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Commentary | PERSPECTIVE ON SOUTH ASIA

Nuclear Deterrence Is a Western Illusion

What worked for the U.S. and Soviet Union during the Cold War won't work with India and Pakistan.

June 14, 1998|EDWARD M. LUTTWAK | Edward M. Luttwak is a senior fellow at the Center for Strategic and International Studies in Washington

Can deterrence prevent a nuclear war between India and Pakistan? After all, it did even more than that for the United States and the Soviet Union. The latter avoided not only a nuclear war but even the smallest armed clash throughout the Cold War, in their shared fear that any fighting might escalate out of control. Unfortunately, that most reassuring precedent is irrelevant.

Some differences are obvious. There was no history of past wars and popular hatred between Americans and Russians. True, the ideological confrontation was intense until the 1970s, but both communism and democratic capitalism were optimistic ideologies that promised global victory without need of war.

By contrast, the very existence of both India and Pakistan as separate states is the result of popular hatred between Hindu and Muslim. And they have fought three wars as well as countless border skirmishes. Also obvious is the geographic difference: The United States and the Soviet Union had no common border, let alone any fierce territorial disputes. There was therefore no possibility of an automatic escalation from border clashes to local warfare leading to nuclear war.

India and Pakistan not only share a long common border, but their territories actually overlap in the high mountains of northern Kashmir. The entire vast territory of Jammu and Kashmir is claimed by both sides.

But perhaps the less obvious differences are more important. Nuclear deterrence requires a peculiar reversal of normal human attitudes. To be dissuaded by the fear of nuclear retaliation, potential aggressors must be prudent calculators, and prudence is not the normal characteristic of aggressors. Potential victims, on the other hand, must be fanatically determined to punish a nuclear attack by retaliation, even after it cannot possibly save themselves from catastrophic destruction.

One reason why American and Soviet leaders were able to play this very demanding game was that both could make strategic decisions in a deliberate and calculated manner, shielded from mob pressures or military challenges to civilian rule. The American political system had the ironclad stability of an intensely legalistic constitutional democracy. The Soviet system did not, yet was amazingly stable: During the Cold War, four out of five Kremlin chiefs died in office of old age--security of tenure can hardly exceed that ultimate limit. (The exception, Nikita Khrushchev, was removed precisely because he had failed to act in a sufficiently deliberate and calculated manner.) Moreover, the state structures of each side also were secure, neither being threatened by separatist violence, incipient civil wars or even social fragmentation.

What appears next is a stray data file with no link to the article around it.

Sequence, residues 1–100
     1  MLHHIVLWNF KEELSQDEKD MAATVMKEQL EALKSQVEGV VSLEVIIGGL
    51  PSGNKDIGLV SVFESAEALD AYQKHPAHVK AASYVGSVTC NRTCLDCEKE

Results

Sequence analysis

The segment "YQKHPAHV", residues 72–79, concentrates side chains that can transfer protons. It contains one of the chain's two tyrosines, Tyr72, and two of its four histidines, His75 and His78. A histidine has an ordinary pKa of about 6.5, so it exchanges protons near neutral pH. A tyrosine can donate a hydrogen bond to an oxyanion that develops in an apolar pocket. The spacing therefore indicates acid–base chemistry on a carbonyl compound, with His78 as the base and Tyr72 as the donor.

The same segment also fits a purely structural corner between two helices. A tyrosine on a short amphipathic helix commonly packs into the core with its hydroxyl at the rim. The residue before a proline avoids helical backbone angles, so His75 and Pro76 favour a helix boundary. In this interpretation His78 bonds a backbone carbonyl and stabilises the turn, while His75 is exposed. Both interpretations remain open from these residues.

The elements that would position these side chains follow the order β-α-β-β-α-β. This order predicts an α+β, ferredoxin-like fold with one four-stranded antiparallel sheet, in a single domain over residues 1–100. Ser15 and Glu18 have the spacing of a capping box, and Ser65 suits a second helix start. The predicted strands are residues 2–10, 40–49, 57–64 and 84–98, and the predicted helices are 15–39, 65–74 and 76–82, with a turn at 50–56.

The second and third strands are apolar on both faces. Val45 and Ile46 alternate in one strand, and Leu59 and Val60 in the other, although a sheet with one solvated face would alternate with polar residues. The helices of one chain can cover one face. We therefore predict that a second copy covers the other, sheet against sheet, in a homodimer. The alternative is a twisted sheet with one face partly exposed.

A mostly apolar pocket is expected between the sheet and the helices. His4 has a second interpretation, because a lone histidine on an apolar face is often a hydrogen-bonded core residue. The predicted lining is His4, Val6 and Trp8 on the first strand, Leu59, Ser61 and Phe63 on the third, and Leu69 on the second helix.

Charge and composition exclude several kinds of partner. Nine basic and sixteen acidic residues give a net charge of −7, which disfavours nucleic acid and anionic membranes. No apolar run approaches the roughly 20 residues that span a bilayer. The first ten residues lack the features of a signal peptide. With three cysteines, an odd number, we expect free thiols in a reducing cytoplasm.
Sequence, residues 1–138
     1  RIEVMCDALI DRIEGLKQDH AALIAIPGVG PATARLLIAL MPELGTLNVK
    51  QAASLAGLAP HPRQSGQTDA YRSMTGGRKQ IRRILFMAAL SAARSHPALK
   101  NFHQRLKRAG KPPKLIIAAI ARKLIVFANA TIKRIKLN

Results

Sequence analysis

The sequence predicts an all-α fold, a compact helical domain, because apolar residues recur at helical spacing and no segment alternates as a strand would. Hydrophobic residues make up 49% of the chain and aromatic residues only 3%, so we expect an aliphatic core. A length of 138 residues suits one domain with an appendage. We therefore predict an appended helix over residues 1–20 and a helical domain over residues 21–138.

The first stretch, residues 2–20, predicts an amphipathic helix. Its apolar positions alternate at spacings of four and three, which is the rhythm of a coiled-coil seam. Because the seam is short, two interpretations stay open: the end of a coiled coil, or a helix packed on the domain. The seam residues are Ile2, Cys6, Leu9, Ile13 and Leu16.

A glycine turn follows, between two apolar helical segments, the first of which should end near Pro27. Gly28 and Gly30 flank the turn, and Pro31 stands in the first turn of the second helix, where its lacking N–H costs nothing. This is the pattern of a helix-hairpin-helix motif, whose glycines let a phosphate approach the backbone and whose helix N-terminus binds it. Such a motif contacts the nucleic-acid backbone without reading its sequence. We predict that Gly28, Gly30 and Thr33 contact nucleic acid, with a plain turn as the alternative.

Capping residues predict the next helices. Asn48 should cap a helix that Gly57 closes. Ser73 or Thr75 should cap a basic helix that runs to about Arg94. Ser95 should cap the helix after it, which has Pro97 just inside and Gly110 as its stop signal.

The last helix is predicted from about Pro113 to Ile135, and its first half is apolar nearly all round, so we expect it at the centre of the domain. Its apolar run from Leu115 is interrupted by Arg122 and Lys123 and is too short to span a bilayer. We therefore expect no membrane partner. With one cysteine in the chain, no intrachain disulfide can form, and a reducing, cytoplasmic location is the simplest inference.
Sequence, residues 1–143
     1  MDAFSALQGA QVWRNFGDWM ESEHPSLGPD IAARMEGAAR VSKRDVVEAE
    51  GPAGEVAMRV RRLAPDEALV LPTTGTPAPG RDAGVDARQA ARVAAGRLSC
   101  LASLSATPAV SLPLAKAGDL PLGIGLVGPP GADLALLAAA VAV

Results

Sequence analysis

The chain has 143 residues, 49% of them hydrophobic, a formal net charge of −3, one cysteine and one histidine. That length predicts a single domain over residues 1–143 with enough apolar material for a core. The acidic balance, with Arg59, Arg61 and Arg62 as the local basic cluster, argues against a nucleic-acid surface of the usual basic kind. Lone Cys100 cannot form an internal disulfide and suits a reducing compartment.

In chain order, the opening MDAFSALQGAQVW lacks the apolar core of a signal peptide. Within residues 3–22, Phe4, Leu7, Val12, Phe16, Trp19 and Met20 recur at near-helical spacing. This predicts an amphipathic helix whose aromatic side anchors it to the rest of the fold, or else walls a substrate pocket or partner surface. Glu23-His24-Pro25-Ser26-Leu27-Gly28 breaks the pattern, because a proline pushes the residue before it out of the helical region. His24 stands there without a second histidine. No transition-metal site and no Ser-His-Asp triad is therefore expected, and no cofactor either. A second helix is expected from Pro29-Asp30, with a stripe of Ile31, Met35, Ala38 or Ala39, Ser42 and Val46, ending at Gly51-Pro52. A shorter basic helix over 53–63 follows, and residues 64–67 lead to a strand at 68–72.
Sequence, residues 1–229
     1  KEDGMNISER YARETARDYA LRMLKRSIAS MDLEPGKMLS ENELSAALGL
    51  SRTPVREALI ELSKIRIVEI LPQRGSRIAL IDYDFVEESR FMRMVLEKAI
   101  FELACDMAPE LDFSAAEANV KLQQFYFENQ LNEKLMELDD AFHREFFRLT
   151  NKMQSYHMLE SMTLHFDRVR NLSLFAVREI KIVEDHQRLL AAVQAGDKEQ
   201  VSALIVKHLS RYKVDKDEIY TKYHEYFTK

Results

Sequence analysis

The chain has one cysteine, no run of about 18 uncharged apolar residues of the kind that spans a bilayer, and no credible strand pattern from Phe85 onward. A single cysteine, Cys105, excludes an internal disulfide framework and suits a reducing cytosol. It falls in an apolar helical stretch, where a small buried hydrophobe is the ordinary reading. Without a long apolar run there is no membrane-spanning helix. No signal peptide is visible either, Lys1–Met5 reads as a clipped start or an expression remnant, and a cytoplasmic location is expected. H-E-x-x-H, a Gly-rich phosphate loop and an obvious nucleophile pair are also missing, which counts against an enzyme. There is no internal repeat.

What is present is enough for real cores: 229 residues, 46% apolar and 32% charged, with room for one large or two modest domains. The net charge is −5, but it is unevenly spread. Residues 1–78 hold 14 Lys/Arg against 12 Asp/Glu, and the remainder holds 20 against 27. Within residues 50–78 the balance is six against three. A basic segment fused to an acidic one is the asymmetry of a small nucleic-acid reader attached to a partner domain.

Finally, during the earlier years when the Cold War was new and potentially most dangerous, leaders on both sides had just had the supreme education of waging a world war--and on the same side. All this meant that leaders could act prudently in crises without being driven out of office by mobs or insurgent generals; for that matter, they could act as boldly as John Kennedy did during the Cuba missile crisis, without being forced to desist by a terrorized public.

By contrast, the leaders of the Bharatiya Janata Party of India, Prime Minister Atal Behari Vajpayee and Home Minister L.K. Advani, as well as the non-BJP Defense Minister George Fernandes, have no real foreign policy experience, and they evidently ignore the advice of their highly professional soldiers and diplomats--most opposed the nuclear tests. Moreover, BJP is very deliberately extremist: Only by maximizing external conflict to muster a forced national unity can it remain in power, having won only 46% of the parliamentary seats with only 25% of the popular vote. In fact, the BJP itself is deeply divided along caste lines, and in recent years caste rivalries have led to much violence. That India remains on the whole a solid and democratic state is of little help to avert a slide to nuclear war now that it is governed by recklessly aggressive leaders.

As for Pakistan, its leaders seem far more prudent, but that too is of little help because its entire ruling elite is demoralized by pervasive corruption and extreme factionalism. Moreover, Pakistan also is deeply divided on regional lines, with superimposed ethnic and religious animosities that often erupt in deadly violence. Hence even prudent leaders must operate in a climate of extreme instability. They evidently cannot resist mob demands and are vulnerable to a military coup if they show weakness toward India.

All this makes an uncontrolled escalation from border clashes to local and then general war all too likely. Or if Pakistan breaks up into regional states, there may be no organized war with India, but its "Islamic bomb" still might be used--or sold--by whatever group remains in control of the nuclear installations.

The post-Cold War era of reduced danger has turned out to be short indeed.

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